IDA HAENDEL: Dec. 15, 1928 – July 1, 2020. Violinist, Child Prodigy, Teacher
By DAVID EISENSTADT
Polish-born child prodigy violinist Ida (pronounced Ee-dah) Haendel, who lived in Montreal from 1952 to 1989, died in Miami, Florida on July 1. She was 96.
She was three-and-a-half when she reproduced a song on her sister’s violin. Her portrait painter father, Nathan Hendel, had aspired to become a violinist but was thwarted by his father, a rabbi, and ultimately championed his daughter’s career. The family, originally from Chelm, moved to London, England in 1936 and Ida became a British citizen.
At the age of seven, she admitted that she could not read music, yet performed the Beethoven Violin Concerto and garnered the Warsaw Conservatory Gold Medal. Two years earlier, she had won the first Huberman Prize in the International Henryk Wieniawski Violin Competition.
Hendael’s exact age was an ongoing question in music circles, one that was never really resolved. Following a Queen’s Hall debut concert in December 1936, the Guardian reported that “to satisfy the London County council that she would be 14 for a Sunday performance of the Brahms concerto with wood in January 1937, her father came up with a certificate showing a birth date of 1923.”
An astounding prodigy whose career spanned seven decades, she was known for her intense lyricism and classical rigour. One feature of her highly characteristic sound was her perfectly judged use of the expressive slide from one note to another (the portamento). She studied with her musical mentors George Enescu in Paris and Carl Flesch in London.
In 1937, she became a frequent soloist at the famous Promenade concerts in London, playing works of Beethoven, Brahms, Mozart, Shostakovich, Saint-Saens, and Stravinsky, among others. The last of her 68 Prom performances was in 1994 with a concerto written by Benjamin Britten.
Before the Second World War, she toured France, Holland and the United States with successful post-war tours in the Soviet Union and other countries. During the war, she entertained those serving in the conflict, from factory workers to frontline and returning troops.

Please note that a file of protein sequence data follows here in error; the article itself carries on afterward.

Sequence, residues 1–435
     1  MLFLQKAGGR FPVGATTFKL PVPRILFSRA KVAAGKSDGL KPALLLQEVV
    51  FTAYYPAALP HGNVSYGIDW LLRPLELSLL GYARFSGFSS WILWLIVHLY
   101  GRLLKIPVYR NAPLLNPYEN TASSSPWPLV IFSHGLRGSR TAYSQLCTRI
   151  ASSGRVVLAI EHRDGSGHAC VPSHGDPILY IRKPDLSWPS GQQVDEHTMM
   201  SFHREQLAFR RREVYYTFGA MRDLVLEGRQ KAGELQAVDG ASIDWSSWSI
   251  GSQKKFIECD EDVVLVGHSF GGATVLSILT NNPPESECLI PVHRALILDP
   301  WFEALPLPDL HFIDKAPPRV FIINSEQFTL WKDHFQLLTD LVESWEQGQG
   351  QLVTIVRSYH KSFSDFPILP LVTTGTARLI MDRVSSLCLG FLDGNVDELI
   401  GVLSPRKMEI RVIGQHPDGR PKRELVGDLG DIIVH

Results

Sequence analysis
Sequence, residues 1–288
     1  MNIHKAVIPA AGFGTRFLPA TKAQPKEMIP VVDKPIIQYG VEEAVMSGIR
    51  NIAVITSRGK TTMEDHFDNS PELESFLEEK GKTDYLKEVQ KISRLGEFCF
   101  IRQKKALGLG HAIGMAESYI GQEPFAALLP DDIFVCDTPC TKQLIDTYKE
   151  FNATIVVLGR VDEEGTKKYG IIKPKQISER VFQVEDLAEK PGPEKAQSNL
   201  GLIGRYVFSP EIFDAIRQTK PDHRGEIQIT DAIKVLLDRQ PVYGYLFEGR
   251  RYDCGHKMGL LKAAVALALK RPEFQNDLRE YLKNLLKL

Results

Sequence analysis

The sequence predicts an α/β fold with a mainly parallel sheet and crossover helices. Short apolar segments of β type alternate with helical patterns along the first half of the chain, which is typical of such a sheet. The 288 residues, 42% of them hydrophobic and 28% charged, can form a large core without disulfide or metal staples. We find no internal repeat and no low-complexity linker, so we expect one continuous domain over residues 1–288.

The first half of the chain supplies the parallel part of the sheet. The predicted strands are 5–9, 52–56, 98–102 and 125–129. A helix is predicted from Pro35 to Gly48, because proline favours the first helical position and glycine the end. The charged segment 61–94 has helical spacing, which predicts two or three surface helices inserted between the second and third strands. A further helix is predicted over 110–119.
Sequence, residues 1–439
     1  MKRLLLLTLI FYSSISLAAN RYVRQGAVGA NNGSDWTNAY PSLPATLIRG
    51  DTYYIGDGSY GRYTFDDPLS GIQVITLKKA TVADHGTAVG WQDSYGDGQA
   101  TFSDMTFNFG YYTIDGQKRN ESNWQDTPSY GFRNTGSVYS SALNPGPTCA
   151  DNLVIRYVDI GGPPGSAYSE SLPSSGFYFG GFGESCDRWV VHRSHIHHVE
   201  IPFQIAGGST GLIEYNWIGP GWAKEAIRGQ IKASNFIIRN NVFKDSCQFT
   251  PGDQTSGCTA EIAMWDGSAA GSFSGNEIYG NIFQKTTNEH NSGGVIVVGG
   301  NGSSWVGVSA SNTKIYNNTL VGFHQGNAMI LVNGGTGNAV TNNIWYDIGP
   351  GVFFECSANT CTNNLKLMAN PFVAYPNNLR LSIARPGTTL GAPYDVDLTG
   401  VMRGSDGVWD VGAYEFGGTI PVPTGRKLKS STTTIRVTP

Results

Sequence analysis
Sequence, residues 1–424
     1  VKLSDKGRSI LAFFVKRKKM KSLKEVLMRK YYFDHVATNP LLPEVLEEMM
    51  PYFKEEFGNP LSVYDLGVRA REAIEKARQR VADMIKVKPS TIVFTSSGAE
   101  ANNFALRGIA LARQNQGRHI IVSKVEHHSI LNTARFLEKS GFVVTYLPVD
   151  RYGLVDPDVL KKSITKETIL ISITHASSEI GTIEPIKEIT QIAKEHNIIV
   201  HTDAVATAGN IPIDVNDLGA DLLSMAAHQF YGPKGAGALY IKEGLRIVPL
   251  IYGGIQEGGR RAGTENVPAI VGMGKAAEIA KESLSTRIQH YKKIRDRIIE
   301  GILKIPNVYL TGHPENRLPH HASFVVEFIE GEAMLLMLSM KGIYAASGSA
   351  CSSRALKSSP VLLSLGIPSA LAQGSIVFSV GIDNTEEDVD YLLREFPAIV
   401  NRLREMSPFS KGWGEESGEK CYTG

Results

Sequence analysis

From 1940 to 1947, she recorded a range of compositions for Decca, with some reissued in 2000 as a companion to a new recording of works by Bartok, her teacher Enescu, and Karol Szymanowski, the celebrated Polish pianist and composer. She had a passion for German and 20th century music, best exemplified by a tribute to Enescu on a Decca recording of his Violin Sonata with Vladimir Ashkenazy, which earned Haendel a Diapason d’Or in 2000.
Haendel accompanied the London Philharmonic to the first Hong Kong Arts Festival in 1973 and the BBC Symphony Orchestra to China in 1981 as the first Western violin soloist to perform after the Cultural Revolution. She even returned to Chelm in 2006 for a CD-recorded concert.
An admirer of movie stars, “she emulated many of them in trimming a few years off her age in her autobiography (Woman With Violin – 1970), but even with a birth year of 1923 rather than 1928, her early achievement was astonishing,” reported the Guardian. “Any later mention of her age saw an affronted Haendel berating enquirers with a certificate giving 1928 as the year of her birth. In much the same spirit, she embellished her family name so that it shared a spelling with that of the Saxon composer born Georg Friedrich Haendel. As she was quick to point out, they could have been related.”
She moved to Montreal in 1952 and remained a resident to 1989. She also resided in Miami from 1979 on, although London, England was her home base.
Haendel’s violin was a Stradivarius from 1699.
The one thing her career lacked, added the Guardian, “was a sustained series of new recordings in the 1960s and 70s, leaving her feeling that she never had the recognition she deserved.”
Yet, her emotive performances inspired a new generation of violinists, including David Garrett, Anne-Sophie Mutter, and Maxim Vengerov – all testament to her enthralling audiences around the globe with a combination of romantic warmth and classical precision.
David Eisenstadt is founding partner of tcgpr and a graduate of Carleton University’s School of Journalism and the University of Calgary.